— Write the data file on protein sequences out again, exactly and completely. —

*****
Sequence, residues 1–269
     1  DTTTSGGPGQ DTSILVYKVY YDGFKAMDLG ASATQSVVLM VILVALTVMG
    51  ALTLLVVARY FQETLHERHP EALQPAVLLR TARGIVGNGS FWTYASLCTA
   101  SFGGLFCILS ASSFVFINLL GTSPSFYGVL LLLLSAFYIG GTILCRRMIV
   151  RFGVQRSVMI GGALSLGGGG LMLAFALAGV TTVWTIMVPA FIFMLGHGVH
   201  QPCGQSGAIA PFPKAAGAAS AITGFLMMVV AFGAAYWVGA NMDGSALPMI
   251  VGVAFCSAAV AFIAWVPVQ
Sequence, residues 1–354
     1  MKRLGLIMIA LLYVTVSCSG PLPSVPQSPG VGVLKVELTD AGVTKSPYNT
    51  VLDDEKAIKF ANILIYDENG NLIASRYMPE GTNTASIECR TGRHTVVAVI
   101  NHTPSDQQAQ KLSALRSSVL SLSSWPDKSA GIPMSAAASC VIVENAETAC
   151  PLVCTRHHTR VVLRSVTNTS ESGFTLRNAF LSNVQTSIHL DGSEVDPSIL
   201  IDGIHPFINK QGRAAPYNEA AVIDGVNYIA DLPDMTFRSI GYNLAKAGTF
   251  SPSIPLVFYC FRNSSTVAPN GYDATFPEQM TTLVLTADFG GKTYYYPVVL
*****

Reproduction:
Sequence, residues 1–269
     1  DTTTSGGPGQ DTSILVYKVY YDGFKAMDLG ASATQSVVLM VILVALTVMG
    51  ALTLLVVARY FQETLHERHP EALQPAVLLR TARGIVGNGS FWTYASLCTA
   101  SFGGLFCILS ASSFVFINLL GTSPSFYGVL LLLLSAFYIG GTILCRRMIV
   151  RFGVQRSVMI GGALSLGGGG LMLAFALAGV TTVWTIMVPA FIFMLGHGVH
   201  QPCGQSGAIA PFPKAAGAAS AITGFLMMVV AFGAAYWVGA NMDGSALPMI
   251  VGVAFCSAAV AFIAWVPVQ
Sequence, residues 1–354
     1  MKRLGLIMIA LLYVTVSCSG PLPSVPQSPG VGVLKVELTD AGVTKSPYNT
    51  VLDDEKAIKF ANILIYDENG NLIASRYMPE GTNTASIECR TGRHTVVAVI
   101  NHTPSDQQAQ KLSALRSSVL SLSSWPDKSA GIPMSAAASC VIVENAETAC
   151  PLVCTRHHTR VVLRSVTNTS ESGFTLRNAF LSNVQTSIHL DGSEVDPSIL
   201  IDGIHPFINK QGRAAPYNEA AVIDGVNYIA DLPDMTFRSI GYNLAKAGTF
   251  SPSIPLVFYC FRNSSTVAPN GYDATFPEQM TTLVLTADFG GKTYYYPVVL